A little while back, I attended the outstanding Executive Connection Summit hosted by MWA Intelligence — a collegial gathering of the imaging channel’s thought leaders, subject matter experts and innovators. If you missed our coverage, Amy Weiss wrote a great recap of the event here. There were several excellent panels held during the event and one in particular got me thinking. For an hour, a panel of investors and channel executives including Dan Ruhl of private equity firm Oval Partners, Patrick Adesso and Jonathan Barr from Emerge Holdings LLC (a sister company of DEX Imaging,) Steve Etter from Greyrock Capital (an investor in MWA Intelligence,) and Rick Taylor of Konica Minolta fielded questions from MWA Intelligence’s Mike Stramaglio. What came out of it was an interesting juxtaposition of perspectives and opinions from both sides of the fence.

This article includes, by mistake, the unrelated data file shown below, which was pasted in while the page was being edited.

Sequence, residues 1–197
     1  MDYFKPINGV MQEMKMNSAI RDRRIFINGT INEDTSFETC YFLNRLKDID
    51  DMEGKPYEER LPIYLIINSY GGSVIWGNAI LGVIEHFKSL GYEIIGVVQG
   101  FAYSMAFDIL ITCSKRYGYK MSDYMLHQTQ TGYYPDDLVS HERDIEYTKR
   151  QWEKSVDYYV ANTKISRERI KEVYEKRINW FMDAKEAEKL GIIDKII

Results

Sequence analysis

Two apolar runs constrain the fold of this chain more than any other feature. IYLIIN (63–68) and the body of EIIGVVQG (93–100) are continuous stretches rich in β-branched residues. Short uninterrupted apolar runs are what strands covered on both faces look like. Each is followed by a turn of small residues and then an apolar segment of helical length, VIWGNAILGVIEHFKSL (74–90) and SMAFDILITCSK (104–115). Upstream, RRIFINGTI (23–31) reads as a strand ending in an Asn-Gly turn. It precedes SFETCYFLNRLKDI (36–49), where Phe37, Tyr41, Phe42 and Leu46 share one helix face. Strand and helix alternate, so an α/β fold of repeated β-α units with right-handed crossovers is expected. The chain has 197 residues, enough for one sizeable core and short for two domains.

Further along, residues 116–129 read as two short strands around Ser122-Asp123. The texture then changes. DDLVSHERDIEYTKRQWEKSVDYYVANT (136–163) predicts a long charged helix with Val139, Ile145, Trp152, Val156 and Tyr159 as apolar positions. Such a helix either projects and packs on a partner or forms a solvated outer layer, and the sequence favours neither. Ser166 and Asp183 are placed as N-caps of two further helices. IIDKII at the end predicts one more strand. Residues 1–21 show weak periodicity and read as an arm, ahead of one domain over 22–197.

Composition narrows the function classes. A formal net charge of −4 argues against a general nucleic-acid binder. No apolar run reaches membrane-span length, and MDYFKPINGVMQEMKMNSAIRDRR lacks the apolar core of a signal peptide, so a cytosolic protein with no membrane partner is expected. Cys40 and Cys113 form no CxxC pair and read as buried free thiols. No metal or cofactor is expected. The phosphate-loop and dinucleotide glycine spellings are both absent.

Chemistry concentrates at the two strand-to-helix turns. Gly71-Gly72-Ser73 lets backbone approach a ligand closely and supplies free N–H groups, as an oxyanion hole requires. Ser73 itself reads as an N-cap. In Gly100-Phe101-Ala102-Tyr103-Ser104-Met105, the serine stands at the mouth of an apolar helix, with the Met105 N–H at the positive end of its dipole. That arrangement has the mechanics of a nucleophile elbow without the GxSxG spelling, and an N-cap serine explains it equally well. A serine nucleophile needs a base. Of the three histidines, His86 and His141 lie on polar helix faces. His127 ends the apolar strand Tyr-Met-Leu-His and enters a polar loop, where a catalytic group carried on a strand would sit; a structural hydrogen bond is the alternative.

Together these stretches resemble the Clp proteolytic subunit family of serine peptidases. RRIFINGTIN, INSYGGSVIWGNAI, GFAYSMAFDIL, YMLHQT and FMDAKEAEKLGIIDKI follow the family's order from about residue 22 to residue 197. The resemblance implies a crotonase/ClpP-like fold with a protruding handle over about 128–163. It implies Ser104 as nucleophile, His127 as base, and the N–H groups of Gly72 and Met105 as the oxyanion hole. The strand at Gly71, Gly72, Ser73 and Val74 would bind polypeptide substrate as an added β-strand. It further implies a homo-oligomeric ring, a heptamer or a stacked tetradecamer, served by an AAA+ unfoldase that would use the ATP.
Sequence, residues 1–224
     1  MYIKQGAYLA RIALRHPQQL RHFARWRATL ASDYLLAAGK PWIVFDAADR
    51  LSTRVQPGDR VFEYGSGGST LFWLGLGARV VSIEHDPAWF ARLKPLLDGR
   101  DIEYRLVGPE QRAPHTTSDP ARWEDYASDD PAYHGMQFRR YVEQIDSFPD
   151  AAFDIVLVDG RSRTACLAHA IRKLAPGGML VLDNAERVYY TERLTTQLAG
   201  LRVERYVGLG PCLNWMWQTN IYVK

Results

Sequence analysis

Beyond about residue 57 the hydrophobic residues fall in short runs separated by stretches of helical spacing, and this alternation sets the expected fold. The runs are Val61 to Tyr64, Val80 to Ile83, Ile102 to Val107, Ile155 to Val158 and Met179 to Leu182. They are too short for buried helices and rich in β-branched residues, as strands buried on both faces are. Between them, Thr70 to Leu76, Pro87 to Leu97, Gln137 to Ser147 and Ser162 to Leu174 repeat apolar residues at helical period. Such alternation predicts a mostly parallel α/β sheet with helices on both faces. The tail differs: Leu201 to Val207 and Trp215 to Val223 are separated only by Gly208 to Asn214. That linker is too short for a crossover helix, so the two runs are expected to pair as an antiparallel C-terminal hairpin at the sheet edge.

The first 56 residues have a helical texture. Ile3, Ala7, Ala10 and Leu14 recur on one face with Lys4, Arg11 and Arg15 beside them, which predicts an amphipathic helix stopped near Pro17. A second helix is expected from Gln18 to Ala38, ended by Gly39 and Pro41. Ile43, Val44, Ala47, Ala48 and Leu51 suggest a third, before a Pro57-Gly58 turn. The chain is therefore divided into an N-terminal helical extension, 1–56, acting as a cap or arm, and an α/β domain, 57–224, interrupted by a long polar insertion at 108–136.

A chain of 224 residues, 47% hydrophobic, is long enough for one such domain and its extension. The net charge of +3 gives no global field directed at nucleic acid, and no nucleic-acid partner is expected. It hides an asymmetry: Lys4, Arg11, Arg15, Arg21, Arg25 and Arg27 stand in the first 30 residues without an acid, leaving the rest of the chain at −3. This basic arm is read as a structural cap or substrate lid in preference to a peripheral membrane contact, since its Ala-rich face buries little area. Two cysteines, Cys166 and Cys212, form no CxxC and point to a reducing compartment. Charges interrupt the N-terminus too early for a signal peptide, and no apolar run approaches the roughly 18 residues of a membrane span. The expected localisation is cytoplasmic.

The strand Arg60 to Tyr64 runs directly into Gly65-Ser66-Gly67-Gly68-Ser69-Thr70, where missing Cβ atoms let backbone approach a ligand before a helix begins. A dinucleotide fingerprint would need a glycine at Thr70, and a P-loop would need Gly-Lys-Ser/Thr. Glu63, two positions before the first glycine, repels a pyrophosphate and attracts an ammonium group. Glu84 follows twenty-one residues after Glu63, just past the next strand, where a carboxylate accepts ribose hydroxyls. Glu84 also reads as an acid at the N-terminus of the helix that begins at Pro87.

Stramaglio, Taylor, Etter, Ruhl, Adesso, Barr
There’s still growth in print?
While some would question why anyone would invest in “an old business” like print, Ruhl sees good reason. “There is a lot of stability in this industry,” said Ruhl. “There are large customer bases and lots of business under contract. If you’re not making changes, your business is going to fall away in four, five years — that’s true — but it isn’t going to fall away tomorrow. So there’s a lot of stability in this space.”
And stability is good for growth.